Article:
Sharp slowdown in house price growth in 2017

Sharp slowdown in house price growth in 2017

Advisers and other property experts urged potential homeowners not to panic after the Halifax House Price Index indicated a slowing housing market including a fall in prices in the last month of 2017.

Figures from Halifax showed that house prices in the three months to December were 1.3 per cent higher than the previous quarter.

However, house prices had been growing at 1.3 per cent in October and November, while the annual rate of growth also moderated 3.9 per cent in November to 2.7 per cent last month. 

Figures for December itself showed house prices had fallen 0.6 per cent, the first monthly decline the index has shown in six months.

Russell Galley, managing director of Halifax Community Bank, said the figures anticipated and followed a similar pattern to the previous year.

He said: "Nationally house prices in 2018 are likely to be supported by the ongoing shortage of properties for sale, low levels of housebuilding, high employment and a continuation of low interest rates making mortgage servicing affordable in relative terms.

"Overall we expect annual price growth to continue in the range of 0 to 3 per cent at the end 2018."

Jeremy Duncombe, exiting director of Legal & General Mortgage Club, said the market was "on a strong footing for 2018" thanks to price growth that is now in line with wage inflation.  

He said: "House price inflation looks likely to hold steady in the short-term, which will give first-time buyers a greater chance of stepping onto the property ladder.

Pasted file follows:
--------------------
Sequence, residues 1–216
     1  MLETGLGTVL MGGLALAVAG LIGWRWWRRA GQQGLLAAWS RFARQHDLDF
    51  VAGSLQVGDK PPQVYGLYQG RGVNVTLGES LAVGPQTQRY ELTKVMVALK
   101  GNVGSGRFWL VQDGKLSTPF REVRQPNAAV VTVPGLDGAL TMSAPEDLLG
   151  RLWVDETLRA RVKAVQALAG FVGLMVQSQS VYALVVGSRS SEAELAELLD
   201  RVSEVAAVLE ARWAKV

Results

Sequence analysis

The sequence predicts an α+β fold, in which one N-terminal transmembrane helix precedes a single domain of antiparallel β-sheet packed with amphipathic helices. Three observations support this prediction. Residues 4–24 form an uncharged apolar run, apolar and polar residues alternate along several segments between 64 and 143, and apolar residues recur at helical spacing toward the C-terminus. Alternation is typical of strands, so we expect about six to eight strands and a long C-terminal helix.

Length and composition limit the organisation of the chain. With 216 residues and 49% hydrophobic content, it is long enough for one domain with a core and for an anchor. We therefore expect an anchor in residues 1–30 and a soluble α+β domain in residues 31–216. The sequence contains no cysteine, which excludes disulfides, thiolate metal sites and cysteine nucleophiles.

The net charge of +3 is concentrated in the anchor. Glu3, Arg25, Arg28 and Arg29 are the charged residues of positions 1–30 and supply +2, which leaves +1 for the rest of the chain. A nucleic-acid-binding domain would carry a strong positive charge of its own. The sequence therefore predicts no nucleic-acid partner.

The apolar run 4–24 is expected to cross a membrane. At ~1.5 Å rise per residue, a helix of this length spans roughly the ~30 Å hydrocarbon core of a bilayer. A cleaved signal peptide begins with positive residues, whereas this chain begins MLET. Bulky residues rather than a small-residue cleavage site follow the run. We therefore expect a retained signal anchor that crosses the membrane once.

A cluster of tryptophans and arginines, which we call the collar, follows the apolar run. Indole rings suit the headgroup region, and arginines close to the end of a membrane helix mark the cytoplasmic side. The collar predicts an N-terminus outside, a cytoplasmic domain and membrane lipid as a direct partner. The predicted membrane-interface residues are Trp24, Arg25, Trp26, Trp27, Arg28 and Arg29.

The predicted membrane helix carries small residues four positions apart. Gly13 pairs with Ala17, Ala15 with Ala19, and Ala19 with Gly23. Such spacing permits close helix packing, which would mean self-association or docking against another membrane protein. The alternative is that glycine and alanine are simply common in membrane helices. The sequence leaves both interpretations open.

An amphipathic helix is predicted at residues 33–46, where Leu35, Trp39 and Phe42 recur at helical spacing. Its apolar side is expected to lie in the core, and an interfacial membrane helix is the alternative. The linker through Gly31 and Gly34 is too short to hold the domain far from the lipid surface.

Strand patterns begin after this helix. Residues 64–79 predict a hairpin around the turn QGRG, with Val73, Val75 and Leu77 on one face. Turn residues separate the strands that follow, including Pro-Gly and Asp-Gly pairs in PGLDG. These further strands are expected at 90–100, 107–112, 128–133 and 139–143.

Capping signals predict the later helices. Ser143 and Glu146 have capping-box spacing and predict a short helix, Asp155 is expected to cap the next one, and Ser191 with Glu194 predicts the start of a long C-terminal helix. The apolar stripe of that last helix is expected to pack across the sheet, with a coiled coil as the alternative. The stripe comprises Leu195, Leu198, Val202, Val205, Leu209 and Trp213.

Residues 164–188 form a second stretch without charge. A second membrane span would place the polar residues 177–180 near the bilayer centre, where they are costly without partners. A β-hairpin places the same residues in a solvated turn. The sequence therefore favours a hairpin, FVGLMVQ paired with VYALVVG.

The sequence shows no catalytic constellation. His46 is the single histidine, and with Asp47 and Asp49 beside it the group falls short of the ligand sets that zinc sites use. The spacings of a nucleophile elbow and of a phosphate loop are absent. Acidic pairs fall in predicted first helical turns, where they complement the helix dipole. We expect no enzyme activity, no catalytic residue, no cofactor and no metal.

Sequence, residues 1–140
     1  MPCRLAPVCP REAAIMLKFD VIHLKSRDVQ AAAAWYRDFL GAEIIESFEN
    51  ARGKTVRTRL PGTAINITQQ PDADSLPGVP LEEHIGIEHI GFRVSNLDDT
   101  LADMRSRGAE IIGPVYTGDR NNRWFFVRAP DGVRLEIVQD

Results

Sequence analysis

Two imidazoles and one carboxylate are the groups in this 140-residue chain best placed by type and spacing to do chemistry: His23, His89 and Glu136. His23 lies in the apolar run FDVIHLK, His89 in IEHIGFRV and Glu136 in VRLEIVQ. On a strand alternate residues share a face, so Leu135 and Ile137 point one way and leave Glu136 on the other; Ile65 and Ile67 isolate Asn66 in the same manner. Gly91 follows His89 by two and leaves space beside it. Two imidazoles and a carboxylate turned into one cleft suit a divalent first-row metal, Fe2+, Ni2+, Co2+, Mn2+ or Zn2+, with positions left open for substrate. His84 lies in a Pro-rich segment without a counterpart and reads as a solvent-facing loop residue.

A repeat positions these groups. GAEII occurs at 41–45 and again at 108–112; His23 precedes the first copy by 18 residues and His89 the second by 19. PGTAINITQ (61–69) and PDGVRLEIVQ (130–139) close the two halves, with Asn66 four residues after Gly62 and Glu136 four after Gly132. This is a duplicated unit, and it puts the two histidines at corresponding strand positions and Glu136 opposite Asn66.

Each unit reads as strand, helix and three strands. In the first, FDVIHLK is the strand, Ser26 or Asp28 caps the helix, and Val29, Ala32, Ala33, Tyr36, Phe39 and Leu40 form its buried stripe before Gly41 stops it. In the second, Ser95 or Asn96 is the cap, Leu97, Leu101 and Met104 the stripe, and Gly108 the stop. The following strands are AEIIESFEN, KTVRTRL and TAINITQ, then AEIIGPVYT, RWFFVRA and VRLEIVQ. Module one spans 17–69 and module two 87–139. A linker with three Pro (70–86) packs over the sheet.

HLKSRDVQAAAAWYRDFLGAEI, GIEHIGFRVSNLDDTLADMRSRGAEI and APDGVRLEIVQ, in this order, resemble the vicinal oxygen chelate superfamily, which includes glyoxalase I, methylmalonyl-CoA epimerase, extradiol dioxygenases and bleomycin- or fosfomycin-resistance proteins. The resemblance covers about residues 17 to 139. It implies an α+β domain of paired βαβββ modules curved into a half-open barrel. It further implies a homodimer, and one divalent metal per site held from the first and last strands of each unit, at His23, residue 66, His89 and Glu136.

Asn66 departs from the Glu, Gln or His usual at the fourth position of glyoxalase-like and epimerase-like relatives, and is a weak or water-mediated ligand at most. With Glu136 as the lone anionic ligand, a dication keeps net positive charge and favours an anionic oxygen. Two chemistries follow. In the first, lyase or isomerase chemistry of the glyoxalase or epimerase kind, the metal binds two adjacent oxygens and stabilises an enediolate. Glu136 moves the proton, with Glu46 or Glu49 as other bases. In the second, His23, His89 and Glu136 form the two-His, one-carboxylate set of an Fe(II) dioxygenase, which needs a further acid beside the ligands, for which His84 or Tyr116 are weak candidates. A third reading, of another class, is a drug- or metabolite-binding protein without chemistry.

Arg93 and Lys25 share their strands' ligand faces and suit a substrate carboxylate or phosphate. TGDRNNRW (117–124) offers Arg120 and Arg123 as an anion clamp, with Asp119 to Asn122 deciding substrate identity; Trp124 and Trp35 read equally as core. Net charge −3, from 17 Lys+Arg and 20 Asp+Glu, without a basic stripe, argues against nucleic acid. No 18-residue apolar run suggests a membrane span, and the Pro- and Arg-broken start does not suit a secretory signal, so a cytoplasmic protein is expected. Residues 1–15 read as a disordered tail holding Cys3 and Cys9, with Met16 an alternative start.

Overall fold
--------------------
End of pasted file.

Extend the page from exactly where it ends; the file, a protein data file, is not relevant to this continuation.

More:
"With thousands of mortgage products now available, anyone who is unsure of where to begin should get in touch with a mortgage broker for advice."

Jonathan Hopper, managing director of Garrington Property Finders, said the UK property market "is far from seizing up".

Mr Hopper said: "More than 100,000 homes were sold in every month of 2017, and many parts of the UK ended the year with a spring in their step – with brisk demand firing respectable, if not stellar, price growth.

"Yet it is a different story in parts of London, where a flight of equity is sucking the momentum out of price rises.

"On the front line we are seeing a split between domestic buyers who are increasingly looking beyond the capital for better value elsewhere, and astute international investors who are capitalising on softening prices and the weak pound to buy in some of the most prestigious postcodes.

"A decade on from the financial crash, there is an uncomfortable similarity in the ratio of the average property price to the average salary – with the Halifax's data showing the multiple is now the same as it was when the market fell apart."

Chris Taylor, managing director of advisory firm Regency Residential, said the figures showing falls in the London market were "mainly a correction following years of unprecedented growth.

He said: "More developers are building entry-level properties and beginning to address the affordability issue.

"Coupled with the chancellor's move to abolish stamp duty for first time buyers on properties under £300k and a weak pound encouraging increasing investment from abroad, this will see a stimulus in the market which should sustain prices, especially in properties outside the capital where yields and entry prices are more attractive."